Sunday, June 17, 2007

Hell's Problems: An Advocacy of Universal Reconciliation and a Personal History of Reconciliation

The concept of hell has often been an issue of intellectual and spiritual discordance in my life. In my formative years, I was presented with a paradox that I would not acknowledge or face for quite some time. I was constantly reminded of God's love, patience, and grace, and told that I (and all of humanity) was loved beyond a mortal understanding of what love is. Conversely, I was also presented with the notion that this being of infinite love also had no qualms about eternally torturing His children for succumbing to their nature.
In my early teens, not only did this crush my faith, but it actually led to my championing of agnosticism. The Problem of Evil, and most notably, The Problem of Hell, was too much for my weak theological foundations to bear, as the Pentecostal environment in which I grew up never actually advocated thoughtful and reasonable understanding of Christianity, but rather a thoughtless and reasonless understanding of Christianity based entirely on emotion without substance. Ironically, this version of Christianity so steeped in emotion asked of its adherents to focus on very few emotions: we were to love God and we were to fear God with no questions permissable. This church was steeped in American Fundamentalist Christian culture, but never stopped to ponder if this culture did more harm than good.
After I walked away from Christianity, I felt intellectually free for the first time. Little did I know that this intellectual freedom was not because I no longer acknowledged God. Rather, I felt free because I was no longer held within the idelogical confines of that particular church, in which God had been replaced with a culture of self-imposed ignorance and a vehemence toward the progressive. Now, several years of individual study and introspection have led me back to Christianity, but on very different terms. I now realize that faith and intellect aren't mutually exclusive; they must be inherently entwined.
Thus, with this combination of faith and intellect, I felt confident enough to face The Problem of Hell directly. The idea of universal reconciliation was a beacon amidst the fog of my own spiritual anguish. This idea was first presented to me in The Great Divorce by C.S. Lewis. Prior to reading Lewis' novel, the idea of a non-eternal hell never crossed my mind due to my experiences growing up in a Pentecostal environment.

From Wikipedia's plot summary of The Great Divorce:

"The narrator is met by the writer George MacDonald, whom he hails as his mentor, just as Dante did when encountering Virgil in the Divine Comedy; and MacDonald becomes the narrator's guide in his journey, just as Virgil became Dante's. MacDonald explains that it is possible for a soul to choose to remain in Heaven despite having been in the grey town; for such souls, their time in Hell has been purgatory, and the goodness of Heaven will work backwards into their lives, turning even their worst sorrows into Joy, and changing their experience on earth to an extension of heaven. Conversely, the evil of Hell works backwards also, so that if a soul remains in, or returns to, the grey town, even its happiness on Earth will lose its meaning, and its experience on Earth would have been Hell. None of the ghosts realize that the grey town is, in fact, Hell. Indeed it is not that much different from the life they led on Earth: joyless, friendless and uncomfortable. It just goes on forever, and gets worse and worse, with many characters whispering their fear of the "night" that is to eventually come.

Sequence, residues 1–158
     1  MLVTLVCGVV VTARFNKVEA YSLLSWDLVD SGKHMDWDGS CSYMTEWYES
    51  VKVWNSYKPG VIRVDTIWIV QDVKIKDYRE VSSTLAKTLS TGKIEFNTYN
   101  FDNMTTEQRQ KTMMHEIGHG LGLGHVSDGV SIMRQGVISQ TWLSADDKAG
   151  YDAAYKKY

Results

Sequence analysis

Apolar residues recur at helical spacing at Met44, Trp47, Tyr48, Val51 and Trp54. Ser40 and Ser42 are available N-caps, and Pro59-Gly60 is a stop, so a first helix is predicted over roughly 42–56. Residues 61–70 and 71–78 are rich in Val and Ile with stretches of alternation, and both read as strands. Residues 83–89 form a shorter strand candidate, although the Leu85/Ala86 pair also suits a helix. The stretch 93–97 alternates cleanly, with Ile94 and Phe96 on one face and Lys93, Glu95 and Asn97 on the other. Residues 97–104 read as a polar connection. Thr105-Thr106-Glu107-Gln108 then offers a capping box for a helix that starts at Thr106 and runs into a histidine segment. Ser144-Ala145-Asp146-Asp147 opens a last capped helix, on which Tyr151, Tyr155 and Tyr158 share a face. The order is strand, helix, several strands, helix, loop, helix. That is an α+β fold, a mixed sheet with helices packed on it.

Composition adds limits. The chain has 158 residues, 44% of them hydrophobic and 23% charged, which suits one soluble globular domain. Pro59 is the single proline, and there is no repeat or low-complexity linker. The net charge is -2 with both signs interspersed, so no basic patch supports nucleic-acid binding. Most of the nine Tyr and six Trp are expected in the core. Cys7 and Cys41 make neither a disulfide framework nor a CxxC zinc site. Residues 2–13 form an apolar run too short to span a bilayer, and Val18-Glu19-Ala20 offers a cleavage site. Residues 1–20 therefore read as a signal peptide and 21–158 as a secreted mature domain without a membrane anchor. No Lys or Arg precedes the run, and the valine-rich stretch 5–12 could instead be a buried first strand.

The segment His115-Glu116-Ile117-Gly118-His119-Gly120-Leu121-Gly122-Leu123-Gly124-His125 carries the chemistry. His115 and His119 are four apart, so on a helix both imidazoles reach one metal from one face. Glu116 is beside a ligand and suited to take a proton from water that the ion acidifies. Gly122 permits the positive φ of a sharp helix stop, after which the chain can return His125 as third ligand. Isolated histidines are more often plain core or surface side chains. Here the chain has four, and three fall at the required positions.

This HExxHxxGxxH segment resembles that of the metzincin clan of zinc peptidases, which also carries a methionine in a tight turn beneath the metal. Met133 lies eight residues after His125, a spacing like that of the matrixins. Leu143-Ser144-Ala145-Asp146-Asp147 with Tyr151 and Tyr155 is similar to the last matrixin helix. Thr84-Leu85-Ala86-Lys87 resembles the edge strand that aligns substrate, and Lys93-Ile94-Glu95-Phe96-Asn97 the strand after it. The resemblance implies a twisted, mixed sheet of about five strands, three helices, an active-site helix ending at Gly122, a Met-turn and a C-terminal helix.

According to "MacDonald", Heaven and Hell cannot coexist in a single soul, and while it is possible to leave Hell and enter Heaven, doing so implies turning away (repentance); or as depicted by Lewis, giving up paltry worldly pleasures — which have become impossible for the dead anyway — and embracing ultimate and unceasing Joy itself."

Lewis' novel helped me realize that hell could not possibly be eternal if there is a benevolent God. Thus, I've become an advocate of universal reconciliation. I believe that everyone will ultimately atone for their sins on Earth, but it most certainly will not be eternal. I accept that some form of hell must exist--otherwise there would be no justice. However, I doubt that hell is the fiery pit in the depths of the Earth, as painted so vividly by works of fiction. I imagine that hell would be not a place, but a spiritual state; a state of separation from God's love. God's love is not always so obvious on Earth, but it is always inherent, regardless of our acknowledgment. However, in this spiritual state of hell, one would actually feel an internal void left unfilled. Of course, God's love for that particular individual would still exist, but this feeling of separation acts to exist as punishment. Ultimately, a time of realization would come, where one would finally understand and work to repair this rift in personal relationship with God, thus atoning for their sins and finding perspective on their relationship with God all at once, ultimately walking a path to heaven.

Thus, as C.S. Lewis said in The Great Divorce regarding the gates of hell: they are locked from the inside.

1 comment:

Tyler said...

So good to read this! Keep it up man.
One question however, do you think it possible that some people are so prideful, so hateful, in fact so want there to be no God, that they would never repent, even in the emptiness of hell?